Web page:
There’s a long list of things that didn’t get done at the Legislature this year

MinnPost photo by Peter Callaghan
Minnesota State Capitol

Old folks … sorry. Chris Serres of the Strib says, “In a blow to Gov. Mark Dayton and families of elder abuse victims, the 2018 Legislature adjourned without adopting a series of broad-based reforms to Minnesota’s flawed system for protecting vulnerable seniors from maltreatment. Weeks of intense negotiation involving the Dayton administration, Republican legislators and a coalition of senior organizations over a bipartisan deal collapsed over the weekend, leaving few new protections for the estimated 85,000 Minnesotans who live in senior care facilities across the state.”

And then there was the tax mess. At MPR, Briana Bierschbach writes, “As the 2018 session of the Minnesota Legislature ended Sunday night with DFL Gov. Mark Dayton promising to veto the major tax and spending bills passed by majority Republicans, people outside the Capitol were trying to process what exactly the messy finish means for them. … Without conformity, tax forms will be more complicated to fill out, and some Minnesotans could be facing a tax increase. A new governor and Legislature could come back in January and try to pass a deal, but Bystrom said she starts her work for the tax season long before then.”

But think of it as 33 cents on the dollar. In The Minnesota Daily, Madeline Deninger writes, “In the last hour of session Sunday evening, the Minnesota State Legislature passed an $825 million bonding bill, which would fund about one-third of the proposed infrastructure projects across University of Minnesota campuses if confirmed. After a bonding bill failed to pass in the Senate last week, lawmakers amended the proposal and voted on the revised bill Sunday night. The new proposal contained about $79 million of the University’s $238.5 million request, including full funding for the Pillsbury Hall and Glensheen Mansion renewals. The University would also receive $45 million of its requested $200 million in Higher Education Asset Preservation and Replacement funding.”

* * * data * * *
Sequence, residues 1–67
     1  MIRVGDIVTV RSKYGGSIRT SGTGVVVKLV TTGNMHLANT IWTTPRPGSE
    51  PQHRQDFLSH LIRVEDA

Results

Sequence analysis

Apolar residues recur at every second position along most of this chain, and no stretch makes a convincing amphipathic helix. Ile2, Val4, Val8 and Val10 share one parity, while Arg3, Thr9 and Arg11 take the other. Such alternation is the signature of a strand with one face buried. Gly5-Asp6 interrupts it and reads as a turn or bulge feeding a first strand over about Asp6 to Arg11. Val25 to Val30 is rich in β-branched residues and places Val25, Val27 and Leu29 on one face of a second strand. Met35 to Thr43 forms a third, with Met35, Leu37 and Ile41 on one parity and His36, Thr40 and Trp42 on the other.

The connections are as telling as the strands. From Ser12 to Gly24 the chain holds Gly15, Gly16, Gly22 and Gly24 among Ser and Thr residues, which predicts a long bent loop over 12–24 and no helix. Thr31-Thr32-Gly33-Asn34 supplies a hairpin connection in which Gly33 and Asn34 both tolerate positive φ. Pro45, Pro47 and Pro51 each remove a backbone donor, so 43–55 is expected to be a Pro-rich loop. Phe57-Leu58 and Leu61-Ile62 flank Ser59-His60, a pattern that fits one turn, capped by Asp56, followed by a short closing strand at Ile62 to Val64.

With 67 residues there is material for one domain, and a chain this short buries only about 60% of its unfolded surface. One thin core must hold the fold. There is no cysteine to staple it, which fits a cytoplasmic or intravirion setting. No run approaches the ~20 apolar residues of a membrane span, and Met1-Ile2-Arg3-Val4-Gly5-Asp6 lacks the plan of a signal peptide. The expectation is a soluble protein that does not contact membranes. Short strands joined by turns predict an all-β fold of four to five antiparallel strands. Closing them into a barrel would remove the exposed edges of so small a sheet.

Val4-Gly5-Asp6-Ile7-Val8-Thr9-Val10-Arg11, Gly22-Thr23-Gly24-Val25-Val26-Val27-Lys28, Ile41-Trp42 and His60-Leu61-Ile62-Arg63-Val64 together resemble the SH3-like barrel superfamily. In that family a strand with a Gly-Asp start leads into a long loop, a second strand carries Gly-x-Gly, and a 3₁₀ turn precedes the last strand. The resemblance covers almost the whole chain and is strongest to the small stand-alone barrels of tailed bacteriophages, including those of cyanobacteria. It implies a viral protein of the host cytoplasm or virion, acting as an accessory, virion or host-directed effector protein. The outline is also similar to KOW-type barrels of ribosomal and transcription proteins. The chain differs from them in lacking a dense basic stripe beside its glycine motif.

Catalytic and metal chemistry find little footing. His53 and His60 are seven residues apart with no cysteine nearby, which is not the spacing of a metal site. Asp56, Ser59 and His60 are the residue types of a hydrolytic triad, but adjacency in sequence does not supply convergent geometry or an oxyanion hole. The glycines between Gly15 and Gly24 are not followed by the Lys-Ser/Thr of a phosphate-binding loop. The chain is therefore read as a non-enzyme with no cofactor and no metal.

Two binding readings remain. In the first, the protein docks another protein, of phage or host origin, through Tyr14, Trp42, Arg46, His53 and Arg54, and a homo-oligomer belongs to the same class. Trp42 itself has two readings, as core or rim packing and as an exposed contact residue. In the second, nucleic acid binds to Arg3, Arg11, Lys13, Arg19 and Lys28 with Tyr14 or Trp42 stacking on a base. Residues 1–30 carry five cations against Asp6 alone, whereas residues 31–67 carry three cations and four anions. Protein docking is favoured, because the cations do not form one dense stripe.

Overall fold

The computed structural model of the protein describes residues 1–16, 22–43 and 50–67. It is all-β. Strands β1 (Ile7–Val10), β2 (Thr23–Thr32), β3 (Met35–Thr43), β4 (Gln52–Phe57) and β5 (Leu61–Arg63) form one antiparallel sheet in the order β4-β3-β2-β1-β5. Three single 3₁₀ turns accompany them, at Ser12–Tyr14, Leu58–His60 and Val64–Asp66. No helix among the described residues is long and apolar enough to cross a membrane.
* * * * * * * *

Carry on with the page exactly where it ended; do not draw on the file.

A bad season for nuke power. In the Strib, Mike Hughlett says, “Legislation that would have changed the state’s approval process for Xcel Energy’s nuclear power investments — a measure opposed by consumer and business groups — has died in the Minnesota House. The legislation would have essentially allowed Minneapolis-based Xcel to get upfront approval from utility regulators for its nuclear expenses, instead of approval after those investments are made. The Senate passed the bill last week by a vote of 37-29, but it never got out of the House. The utility says the measure would have given it more certainty in recovering at least $1.4 billion in maintenance costs it expects over the next 17 years at its nuclear reactors near Monticello and Red Wing. Critics have claimed the legislation would give Xcel an incentive to aim high on its estimates, in case of any future cost overruns.”

Also TBD: a MNLARS fix. Says Dave Orrick in the PiPress, “Minnesota’s troubled new computer system for vehicle titles and tabs could get fixed — or it could get worse. Fixing the system, known as MNLARS, and making up for the fallout, were top priorities for both Gov. Mark Dayton and lawmakers when the Legislature convened this winter. Top priorities ran headlong into political realities as the divided government at the Capitol — Dayton is a Democrat and Republicans control both chambers of the Legislature — and in the end, little was addressed in a straightforward manner. … If Dayton does veto that big bill, all bets are off for when — or whether — MNLARS could become fully functional.”